A coarse, short fibre extracted from the outer shell of coconuts, coir is found in ropes, mattresses, brushes, geotextiles and automobile seats
Coir is extracted from the tissues surrounding the seed of the coconut palm (Cocos nucifera), which is grown on 10 million ha of land throughout the tropics. There are two types of coir: brown fibre, which is obtained from mature coconuts, and finer white fibre, which is extracted from immature green coconuts after soaking for up to 10 months.
Coir fibres measure up to 35 cm in length with a diameter of 12-25 microns. Among vegetable fibres, coir has one of the highest concentrations of lignin, making it stronger but less flexible than cotton and unsuitable for dyeing. The tensile strength of coir is low compared to abaca, but it has good resistance to microbial action and salt water damage.
CNR-ISMAC, Biella, Italy
Coir Board, India
The coir industry is fully developed only in India and Sri Lanka, but economically important in Brazil, Indonesia, the Philippines and Vietnam. Coconuts are typically grown by small-scale farmers, who use local mills for fibre extraction.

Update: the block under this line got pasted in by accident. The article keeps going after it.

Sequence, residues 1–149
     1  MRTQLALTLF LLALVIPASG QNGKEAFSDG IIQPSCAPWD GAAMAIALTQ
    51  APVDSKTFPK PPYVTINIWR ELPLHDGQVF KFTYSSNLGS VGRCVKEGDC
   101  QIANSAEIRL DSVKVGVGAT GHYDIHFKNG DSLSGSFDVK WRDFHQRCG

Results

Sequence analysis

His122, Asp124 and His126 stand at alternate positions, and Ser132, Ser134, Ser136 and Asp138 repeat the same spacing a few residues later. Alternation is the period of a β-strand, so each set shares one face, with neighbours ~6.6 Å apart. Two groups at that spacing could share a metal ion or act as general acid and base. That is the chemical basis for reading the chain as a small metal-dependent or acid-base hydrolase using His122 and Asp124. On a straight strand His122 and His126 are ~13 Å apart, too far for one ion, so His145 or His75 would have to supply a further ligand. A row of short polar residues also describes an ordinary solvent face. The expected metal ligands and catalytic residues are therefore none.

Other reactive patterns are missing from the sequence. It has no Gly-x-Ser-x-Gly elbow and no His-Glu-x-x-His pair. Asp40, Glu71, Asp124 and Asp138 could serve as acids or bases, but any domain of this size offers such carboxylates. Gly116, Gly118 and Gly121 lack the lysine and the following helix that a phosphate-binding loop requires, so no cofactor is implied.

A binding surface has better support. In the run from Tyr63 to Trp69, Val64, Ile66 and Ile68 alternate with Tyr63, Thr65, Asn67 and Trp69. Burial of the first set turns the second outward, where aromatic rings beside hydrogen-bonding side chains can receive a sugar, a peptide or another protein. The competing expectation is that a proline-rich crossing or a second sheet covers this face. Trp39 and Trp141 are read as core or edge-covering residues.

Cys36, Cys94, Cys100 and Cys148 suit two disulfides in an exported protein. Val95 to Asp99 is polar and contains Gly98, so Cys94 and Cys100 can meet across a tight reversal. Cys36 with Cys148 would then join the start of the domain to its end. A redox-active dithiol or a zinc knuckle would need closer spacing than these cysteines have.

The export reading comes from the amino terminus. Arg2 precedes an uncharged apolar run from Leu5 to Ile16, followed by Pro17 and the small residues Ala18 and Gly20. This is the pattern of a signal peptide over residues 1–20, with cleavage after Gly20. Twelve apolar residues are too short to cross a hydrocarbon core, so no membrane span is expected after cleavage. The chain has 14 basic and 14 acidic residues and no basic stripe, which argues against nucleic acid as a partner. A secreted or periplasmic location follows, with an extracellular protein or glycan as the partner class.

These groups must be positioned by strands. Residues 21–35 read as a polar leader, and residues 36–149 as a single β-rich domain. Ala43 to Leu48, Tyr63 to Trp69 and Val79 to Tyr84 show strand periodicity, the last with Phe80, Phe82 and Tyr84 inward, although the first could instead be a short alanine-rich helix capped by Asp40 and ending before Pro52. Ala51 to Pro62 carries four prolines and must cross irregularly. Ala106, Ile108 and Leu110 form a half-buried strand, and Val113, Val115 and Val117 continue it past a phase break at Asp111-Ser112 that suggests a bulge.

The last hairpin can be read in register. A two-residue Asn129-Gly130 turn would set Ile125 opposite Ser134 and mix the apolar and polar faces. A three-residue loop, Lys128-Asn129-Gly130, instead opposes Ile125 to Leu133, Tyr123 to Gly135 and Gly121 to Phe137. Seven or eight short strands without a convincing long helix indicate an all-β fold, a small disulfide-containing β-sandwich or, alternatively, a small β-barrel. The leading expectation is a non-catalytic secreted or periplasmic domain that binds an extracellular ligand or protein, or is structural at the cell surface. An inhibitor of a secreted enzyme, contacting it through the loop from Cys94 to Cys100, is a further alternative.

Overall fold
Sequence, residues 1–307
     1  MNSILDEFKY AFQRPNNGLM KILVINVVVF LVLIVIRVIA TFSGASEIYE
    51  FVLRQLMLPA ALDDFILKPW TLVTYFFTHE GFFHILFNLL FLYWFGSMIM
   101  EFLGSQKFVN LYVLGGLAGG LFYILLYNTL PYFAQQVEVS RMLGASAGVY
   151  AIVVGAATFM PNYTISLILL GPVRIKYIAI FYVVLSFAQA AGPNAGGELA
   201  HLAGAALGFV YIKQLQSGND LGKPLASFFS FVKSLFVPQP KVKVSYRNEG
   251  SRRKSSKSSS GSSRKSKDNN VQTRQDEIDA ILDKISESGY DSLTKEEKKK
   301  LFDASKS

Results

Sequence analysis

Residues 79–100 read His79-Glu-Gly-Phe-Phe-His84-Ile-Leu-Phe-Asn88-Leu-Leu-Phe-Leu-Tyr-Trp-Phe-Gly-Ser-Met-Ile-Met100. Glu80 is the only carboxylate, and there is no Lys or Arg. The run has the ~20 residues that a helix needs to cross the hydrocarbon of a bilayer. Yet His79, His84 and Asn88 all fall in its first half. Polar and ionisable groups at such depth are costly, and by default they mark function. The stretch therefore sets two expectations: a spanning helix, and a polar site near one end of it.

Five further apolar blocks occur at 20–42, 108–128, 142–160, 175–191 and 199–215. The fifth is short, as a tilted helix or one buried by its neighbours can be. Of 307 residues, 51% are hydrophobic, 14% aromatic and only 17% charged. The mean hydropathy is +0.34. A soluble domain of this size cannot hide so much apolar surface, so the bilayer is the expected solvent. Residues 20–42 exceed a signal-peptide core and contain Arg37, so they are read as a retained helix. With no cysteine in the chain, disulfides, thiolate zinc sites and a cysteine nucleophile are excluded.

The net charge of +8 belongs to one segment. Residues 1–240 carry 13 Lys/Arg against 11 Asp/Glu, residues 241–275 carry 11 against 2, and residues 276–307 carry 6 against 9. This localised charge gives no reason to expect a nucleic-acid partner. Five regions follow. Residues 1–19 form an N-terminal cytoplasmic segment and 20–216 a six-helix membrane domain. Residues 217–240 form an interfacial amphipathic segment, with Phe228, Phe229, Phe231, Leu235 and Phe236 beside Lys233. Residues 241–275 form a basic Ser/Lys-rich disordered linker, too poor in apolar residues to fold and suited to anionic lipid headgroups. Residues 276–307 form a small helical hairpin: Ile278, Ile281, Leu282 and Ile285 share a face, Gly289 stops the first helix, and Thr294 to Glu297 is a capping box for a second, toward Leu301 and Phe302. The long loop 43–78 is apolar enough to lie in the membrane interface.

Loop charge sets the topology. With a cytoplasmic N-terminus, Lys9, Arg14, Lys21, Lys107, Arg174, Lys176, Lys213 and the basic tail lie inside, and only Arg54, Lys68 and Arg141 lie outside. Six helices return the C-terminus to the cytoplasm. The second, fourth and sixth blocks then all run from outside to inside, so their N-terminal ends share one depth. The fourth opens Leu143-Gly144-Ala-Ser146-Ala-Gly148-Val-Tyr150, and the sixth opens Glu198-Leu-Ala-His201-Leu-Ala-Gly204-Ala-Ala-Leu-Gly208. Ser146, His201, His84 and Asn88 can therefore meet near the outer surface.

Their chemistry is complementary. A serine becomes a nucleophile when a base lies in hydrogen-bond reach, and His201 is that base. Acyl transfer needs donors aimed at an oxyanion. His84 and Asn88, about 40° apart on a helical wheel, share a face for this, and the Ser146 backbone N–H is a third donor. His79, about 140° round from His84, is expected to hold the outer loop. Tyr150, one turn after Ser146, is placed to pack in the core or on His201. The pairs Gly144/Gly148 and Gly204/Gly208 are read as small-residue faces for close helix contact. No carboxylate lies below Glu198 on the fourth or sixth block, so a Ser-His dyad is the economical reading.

Production and trade
Globally, about 500 000 tonnes of coir are produced annually, mainly in India and Sri Lanka. Its total value is estimated at $100 million. India and Sri Lanka are also the main exporters, followed by Thailand, Vietnam, the Philippines and Indonesia. Around half of the coir produced is exported in the form of raw fibre. Smaller quantities are exported as yarn, and as mats and matting.
Uses of coir
White coir spun into yarn is used in the manufacture of rope (at left) and, thanks to its strong resistance to salt water, in fishing nets.
Coir Institute, South Africa
Brown coir is used in sacking, brushes, doormats, rugs, mattresses, insulation panels and packaging. In Europe, the automobile industry upholsters cars with pads of brown coir bonded with rubber latex.
Geotextiles made from coir mesh (at left) are durable, absorb water, resist sunlight, facilitate seed germination, and are 100% biodegradable.
Coir peat (right), a residue of milling, is gaining economic importance as mulch, soil treatment and a hydroponic growth medium.